This beautiful moth is a fruit-piercing moth (Noctuidae: Calpinae [sometimes included in subfamily Ophiderinae or Catocalinae]) in the genus Eudocima. There are several similar looking species in India, but I believe this one is probably Eudocima hypermnestra.
I found this moth on a broomstick near the window inside my house. It was quite camouflaged in olive green color and was acting like a leaf. But when it took to wings the bright yellow underwings showed as a contrast. This was probably to startle their predators by the sudden burst of color.
The moth was quite docile and allowed me to handle easily. So I was able to coax it to pose me on a white sheet of paper. After posing for me for a short while it must have got bored. It flew and sat on the window pane where I was able to get few more pictures of this lovely moth before flying away. I used my trusted rig of Canon EOS 5D mark II fitted with Canon EF 100mm f/2.8L Macro IS USM. For illumination I used ExpoImaging Ray Flash Adapter fitted on Canon Speedlite 580EX II Flash.
The fruit piercing moths are very widespread, being found in Africa, India, South-east Asia, Australia and the Pacific Islands. A wide range of fruits is attacked, particularly banana, citrus, guava, mango, papaya and tomato. The adult moth is active at night. It lands on the ripening fruit, pierces the skin with the tip of its proboscis and sucks out the juices. The tip of the proboscis is armed with saw teeth. A brown, circular, rotten area develops round the tiny puncture hole.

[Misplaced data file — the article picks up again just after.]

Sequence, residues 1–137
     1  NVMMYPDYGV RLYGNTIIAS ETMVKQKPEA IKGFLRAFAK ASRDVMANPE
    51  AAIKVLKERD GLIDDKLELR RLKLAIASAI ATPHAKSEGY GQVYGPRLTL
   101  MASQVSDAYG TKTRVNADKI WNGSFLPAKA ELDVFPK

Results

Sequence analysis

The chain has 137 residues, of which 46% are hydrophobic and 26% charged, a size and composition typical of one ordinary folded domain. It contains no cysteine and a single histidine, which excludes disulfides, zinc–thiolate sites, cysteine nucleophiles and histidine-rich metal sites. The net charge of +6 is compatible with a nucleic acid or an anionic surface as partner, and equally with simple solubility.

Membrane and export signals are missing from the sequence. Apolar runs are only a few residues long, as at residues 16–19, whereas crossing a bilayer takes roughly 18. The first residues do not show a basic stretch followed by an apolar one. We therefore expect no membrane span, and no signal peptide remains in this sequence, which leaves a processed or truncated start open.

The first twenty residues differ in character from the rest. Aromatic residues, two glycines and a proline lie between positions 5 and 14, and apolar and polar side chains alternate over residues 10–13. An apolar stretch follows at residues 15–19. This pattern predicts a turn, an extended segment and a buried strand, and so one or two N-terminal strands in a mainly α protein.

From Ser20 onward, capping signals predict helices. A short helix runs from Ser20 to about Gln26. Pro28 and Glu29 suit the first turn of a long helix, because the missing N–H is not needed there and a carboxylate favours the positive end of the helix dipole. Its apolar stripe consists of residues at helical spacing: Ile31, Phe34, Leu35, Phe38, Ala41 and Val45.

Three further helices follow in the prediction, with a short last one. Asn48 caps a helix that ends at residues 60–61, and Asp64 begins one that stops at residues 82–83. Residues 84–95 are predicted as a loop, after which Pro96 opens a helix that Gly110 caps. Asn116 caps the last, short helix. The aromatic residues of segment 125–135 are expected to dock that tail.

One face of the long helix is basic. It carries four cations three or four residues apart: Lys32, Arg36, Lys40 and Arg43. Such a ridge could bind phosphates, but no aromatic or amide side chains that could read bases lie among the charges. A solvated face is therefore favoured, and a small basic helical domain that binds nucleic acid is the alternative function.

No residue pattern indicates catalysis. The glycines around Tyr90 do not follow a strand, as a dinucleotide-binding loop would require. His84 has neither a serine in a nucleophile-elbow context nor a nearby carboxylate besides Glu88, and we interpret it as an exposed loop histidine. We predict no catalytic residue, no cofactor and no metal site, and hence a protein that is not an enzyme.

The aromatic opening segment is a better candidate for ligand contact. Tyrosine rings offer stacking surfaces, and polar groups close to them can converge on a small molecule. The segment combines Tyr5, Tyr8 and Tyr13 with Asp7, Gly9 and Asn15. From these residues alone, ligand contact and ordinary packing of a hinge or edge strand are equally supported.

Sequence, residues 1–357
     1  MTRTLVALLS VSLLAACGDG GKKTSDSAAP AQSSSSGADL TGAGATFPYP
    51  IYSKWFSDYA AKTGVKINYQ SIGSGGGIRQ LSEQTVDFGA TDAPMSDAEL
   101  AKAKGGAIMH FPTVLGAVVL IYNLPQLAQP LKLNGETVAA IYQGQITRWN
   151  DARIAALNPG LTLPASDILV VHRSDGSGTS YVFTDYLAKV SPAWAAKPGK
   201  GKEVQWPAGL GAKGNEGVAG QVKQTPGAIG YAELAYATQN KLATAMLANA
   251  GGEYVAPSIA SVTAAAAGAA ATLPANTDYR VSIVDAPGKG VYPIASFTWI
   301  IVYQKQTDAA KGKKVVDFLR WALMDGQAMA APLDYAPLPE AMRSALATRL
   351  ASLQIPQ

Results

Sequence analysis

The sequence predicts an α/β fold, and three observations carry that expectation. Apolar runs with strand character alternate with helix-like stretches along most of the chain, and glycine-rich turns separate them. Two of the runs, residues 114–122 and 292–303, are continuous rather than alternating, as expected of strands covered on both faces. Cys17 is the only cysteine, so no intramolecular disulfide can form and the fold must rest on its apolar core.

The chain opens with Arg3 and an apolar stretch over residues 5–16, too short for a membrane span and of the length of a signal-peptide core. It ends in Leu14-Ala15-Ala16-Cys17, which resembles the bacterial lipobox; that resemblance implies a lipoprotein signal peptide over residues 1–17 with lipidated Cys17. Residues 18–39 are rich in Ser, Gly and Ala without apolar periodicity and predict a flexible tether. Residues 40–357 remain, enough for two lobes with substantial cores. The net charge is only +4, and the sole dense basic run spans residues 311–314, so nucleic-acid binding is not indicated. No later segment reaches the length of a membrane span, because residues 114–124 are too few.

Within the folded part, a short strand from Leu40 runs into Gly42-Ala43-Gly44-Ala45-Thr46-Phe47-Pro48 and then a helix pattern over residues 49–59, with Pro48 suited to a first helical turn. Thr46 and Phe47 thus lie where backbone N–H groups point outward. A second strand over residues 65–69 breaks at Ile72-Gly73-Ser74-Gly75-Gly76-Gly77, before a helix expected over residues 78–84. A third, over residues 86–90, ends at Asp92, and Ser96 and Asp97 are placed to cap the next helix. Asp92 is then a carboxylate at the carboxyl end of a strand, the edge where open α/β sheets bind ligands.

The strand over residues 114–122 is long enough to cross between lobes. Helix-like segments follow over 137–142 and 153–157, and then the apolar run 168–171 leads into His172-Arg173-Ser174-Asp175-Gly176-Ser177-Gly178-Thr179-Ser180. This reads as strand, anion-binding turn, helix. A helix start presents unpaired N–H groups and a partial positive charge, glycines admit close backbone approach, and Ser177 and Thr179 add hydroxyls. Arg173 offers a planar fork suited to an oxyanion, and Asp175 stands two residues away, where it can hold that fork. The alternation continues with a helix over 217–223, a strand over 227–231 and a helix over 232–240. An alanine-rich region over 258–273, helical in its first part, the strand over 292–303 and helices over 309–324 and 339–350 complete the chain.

This moth is a known vector of Oospora citri, a fungus that rots the fruit and has a penetrating odor that attracts this moth. Other microorganisms that gain entrance into the fruit and cause rotting include Fusarium sp., Colletotrichum sp., and several types of bacteria.
When moths are abundant green fruit is attacked, causing premature ripening and dropping of fruits. On oranges, a green fruit turns yellow at the site of the piercing and fungi soon develop within the wound. On tomatoes, the puncture of the tomato skin causes the fruit to turn white and quickly rot. Incidence of damage by this moth is normally low, however when outbreaks occur, most of the crop is affected.
Sometimes the rotten fruit falls from the tree. To distinguish the damage caused by the fruit-piercing moth from that caused by fruit-flies, the fruit should be cut open; in fruit-fly damaged fruit, the grubs (larvae) can usually be seen and the fruit flesh has far more liquid than in fruit damaged by the fruit-piercing moth, which are soft and mushy.
The adult moths are about 3.5-5.0 cm long, with a wing span of8-10cm. The body is pale- to purple-brown with a dull yellow abdomen. The fore-wings are of an olive-brown to red-brown color often flecked with green and white. The under-wings are edged with a black border which has white dots along the edge, and have an inner orange area with a black comma-shaped mark inside it.
The female lays up to 300 eggs at a time.
Closely related to this Eudocima hypermnestra is another moth belonging to the same sub family Calpinae, which was in news for wrong reasons. It was named as Vampire moth as it was one of the rare species of moth which fed on blood. A widely distributed moth species, Calyptra thalictri, in central and southern Europe known to feed only on fruit. Siberian variety was fed on blood experimentally to prove that they do feed on animal products. You can read more on this National Geographic article on Vampire moths.